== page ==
##### Contents

A sigle wave

Superposition of waves

# Equation of the harmonic wave

The relationship (3.3): y(x,t) = A sin[(2π/λ)(x - vt)]
is the harmonic wave function. From it, we will find the equation of the harmonic wave.

Let's consider the partial derivate of this harmonic wave function:
. with respect to time t (holding x constant):
∂y/∂t = - v(2π/λ) A cos[(2π/λ)(x - vt)]
Wich gives the y-component of the velocity of an element.
The second derivative gives:
2y/∂t2 = - v2(2π/λ)2 A sin[(2π/λ)(x - vt)]
= - v2(2π/λ)2 y(x,t)      (4.1)
Wich gives the y-component of the acceration of an element.
Next:
. with respect to x (holding t constant):
∂y/∂x = A (2π/λ) cos[(2π/λ)(x - vt)]
This derivative gives the slope of the function at a time t and point x. The second derivative gives:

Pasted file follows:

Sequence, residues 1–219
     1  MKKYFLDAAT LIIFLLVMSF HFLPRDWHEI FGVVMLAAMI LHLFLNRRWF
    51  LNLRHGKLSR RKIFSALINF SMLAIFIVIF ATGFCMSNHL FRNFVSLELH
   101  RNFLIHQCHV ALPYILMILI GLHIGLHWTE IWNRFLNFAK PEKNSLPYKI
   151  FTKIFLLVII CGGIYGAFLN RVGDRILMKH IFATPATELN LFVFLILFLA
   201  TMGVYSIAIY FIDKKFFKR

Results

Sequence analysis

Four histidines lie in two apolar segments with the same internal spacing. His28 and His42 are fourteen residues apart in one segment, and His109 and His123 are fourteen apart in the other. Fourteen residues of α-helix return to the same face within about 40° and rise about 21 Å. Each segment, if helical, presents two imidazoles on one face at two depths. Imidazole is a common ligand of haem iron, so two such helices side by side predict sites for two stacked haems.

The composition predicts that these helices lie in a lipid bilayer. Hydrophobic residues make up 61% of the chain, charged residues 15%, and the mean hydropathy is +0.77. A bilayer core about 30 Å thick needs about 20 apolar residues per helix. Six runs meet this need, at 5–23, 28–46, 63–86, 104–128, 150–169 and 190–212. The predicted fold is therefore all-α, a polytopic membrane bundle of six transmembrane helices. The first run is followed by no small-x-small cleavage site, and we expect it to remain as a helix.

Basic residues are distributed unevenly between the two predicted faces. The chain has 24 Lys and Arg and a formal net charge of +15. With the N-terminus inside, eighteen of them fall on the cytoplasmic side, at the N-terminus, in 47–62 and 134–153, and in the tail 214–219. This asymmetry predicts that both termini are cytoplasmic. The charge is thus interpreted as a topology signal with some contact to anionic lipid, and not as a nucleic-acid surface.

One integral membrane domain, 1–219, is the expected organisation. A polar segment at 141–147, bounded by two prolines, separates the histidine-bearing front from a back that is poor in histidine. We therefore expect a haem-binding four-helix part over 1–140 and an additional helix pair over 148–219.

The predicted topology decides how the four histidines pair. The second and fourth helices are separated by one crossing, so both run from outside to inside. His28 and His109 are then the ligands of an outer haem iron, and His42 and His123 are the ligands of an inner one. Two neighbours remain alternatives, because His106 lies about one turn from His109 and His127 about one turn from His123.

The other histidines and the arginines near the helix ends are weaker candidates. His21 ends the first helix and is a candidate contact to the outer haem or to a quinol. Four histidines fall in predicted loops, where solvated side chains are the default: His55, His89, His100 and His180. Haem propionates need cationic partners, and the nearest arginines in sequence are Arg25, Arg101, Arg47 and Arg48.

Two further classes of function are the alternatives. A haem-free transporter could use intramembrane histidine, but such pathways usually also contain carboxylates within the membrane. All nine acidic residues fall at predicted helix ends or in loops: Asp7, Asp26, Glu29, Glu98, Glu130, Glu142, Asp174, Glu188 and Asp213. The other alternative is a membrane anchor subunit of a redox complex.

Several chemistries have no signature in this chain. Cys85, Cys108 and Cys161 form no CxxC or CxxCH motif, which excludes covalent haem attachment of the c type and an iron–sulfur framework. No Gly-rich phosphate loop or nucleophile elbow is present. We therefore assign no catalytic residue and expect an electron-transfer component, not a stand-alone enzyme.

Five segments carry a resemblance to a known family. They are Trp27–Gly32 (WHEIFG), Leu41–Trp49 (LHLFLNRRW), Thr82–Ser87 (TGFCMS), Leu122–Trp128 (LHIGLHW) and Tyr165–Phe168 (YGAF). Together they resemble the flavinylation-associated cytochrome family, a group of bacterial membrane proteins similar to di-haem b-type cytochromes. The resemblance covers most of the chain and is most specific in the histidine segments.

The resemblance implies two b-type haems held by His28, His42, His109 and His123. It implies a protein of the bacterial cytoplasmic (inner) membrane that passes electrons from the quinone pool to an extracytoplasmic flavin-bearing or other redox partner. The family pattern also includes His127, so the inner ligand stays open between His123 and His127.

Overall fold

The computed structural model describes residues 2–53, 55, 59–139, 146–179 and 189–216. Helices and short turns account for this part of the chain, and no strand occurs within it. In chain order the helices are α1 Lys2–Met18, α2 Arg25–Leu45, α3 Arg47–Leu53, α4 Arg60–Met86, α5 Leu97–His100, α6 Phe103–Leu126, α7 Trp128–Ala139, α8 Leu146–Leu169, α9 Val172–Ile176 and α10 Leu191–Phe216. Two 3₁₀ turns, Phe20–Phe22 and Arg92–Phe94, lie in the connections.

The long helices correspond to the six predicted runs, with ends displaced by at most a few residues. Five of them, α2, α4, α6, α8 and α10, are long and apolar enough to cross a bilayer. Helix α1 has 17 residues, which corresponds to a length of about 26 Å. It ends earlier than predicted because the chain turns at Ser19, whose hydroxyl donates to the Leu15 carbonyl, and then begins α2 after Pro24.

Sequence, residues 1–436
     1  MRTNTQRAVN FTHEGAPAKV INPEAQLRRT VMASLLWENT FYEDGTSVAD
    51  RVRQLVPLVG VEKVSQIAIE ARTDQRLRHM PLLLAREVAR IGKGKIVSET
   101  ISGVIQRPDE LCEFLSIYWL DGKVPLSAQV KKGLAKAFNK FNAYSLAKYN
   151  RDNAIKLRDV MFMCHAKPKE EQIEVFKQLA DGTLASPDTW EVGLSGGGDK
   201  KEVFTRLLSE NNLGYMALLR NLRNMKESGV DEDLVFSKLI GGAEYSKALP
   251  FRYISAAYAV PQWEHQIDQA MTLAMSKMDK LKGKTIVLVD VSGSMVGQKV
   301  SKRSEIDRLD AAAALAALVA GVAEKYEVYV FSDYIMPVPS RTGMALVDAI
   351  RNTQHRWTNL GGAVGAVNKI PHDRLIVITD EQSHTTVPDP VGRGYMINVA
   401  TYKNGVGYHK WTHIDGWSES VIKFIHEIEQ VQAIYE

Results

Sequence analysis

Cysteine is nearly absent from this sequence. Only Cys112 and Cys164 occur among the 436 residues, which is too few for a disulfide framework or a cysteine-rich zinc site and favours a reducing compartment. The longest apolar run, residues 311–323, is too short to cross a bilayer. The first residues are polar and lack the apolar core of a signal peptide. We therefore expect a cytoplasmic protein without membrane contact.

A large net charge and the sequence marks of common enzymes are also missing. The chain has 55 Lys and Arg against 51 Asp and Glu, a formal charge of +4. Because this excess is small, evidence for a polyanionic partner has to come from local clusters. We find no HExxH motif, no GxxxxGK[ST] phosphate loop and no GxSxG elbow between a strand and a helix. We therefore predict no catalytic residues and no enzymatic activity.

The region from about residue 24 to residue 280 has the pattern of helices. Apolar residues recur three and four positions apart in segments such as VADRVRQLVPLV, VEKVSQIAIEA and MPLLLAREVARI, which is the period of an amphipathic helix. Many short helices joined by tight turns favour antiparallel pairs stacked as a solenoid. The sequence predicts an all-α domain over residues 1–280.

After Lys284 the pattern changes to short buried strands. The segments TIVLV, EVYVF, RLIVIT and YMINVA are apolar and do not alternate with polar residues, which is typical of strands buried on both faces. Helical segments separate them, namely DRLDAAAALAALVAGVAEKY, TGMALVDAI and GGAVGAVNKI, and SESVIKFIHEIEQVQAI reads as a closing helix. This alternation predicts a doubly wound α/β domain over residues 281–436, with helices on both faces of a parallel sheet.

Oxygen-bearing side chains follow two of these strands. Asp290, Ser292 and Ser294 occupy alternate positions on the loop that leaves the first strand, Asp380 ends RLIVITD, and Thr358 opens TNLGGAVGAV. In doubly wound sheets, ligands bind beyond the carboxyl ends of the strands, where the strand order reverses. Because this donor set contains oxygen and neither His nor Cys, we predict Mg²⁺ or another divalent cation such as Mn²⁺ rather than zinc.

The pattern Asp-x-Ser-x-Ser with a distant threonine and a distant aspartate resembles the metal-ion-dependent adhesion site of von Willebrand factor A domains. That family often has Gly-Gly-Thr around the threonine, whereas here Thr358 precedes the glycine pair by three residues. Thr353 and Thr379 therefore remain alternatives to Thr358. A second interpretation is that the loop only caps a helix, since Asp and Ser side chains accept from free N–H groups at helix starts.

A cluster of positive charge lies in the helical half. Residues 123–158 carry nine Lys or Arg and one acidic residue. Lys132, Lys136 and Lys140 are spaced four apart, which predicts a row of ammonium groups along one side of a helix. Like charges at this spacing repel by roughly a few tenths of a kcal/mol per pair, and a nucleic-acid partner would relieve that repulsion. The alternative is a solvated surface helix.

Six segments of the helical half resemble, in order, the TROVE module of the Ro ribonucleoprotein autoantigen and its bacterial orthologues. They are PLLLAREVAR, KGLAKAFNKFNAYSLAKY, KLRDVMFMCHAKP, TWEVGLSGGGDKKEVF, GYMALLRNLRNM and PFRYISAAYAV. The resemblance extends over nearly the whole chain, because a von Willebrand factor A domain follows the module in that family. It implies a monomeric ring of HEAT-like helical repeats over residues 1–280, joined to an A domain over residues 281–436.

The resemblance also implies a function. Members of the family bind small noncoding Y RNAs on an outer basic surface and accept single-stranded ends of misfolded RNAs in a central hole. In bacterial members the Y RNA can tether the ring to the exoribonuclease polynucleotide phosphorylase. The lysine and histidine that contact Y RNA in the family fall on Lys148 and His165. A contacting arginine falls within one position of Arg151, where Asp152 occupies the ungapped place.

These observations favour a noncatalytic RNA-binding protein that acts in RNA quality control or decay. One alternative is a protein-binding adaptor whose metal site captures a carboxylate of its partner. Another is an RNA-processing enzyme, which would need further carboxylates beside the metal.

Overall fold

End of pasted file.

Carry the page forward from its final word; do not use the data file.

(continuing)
2y/∂x2 = - A (2π/λ)2 sin[(2π/λ)(x - vt)]
= - (2π/λ)2 y(x,t)      (4.2)
This second derivative gives the bending of the function. While x is increasing, as it is shown in the figure 3, where "a" is the acceleration ∂2y/∂x2:

• If ∂2y/∂x2 > 0, the slope increases, the function bends upward and the acceleration is directed upward.
• If ∂2y/∂x2 < 0, the slope decreases, the function bends downward and the acceleration is directed downward.
• If ∂2y/∂x2 = 0, the slope is constant, the function is straight at that point and the acceleration is null.

Combining the equations (4.1) and (4.2), we have:
2y/∂t2 / [- v2(2π/λ)2] = ∂2y/∂x2/[- (2π/λ)2]
or: ∂2y/∂t2 / v2 = ∂2y/∂x2
Rearranging, we obtain:
2y/∂x2 - (1/v2)∂2y/∂t2 = 0      (3)

2y/∂x2 - (1/v2)∂2y/∂t2 = 0

This differential equation is the wave equation.
Since we have obtained this equation from the derivatives of the wave function; then the wave function satisfies the wave equation; and the solution of the wave equation are, from now on, the wave functions. More generaly, any f(x - vt) or f(x + vt) are also solution of the wave equation.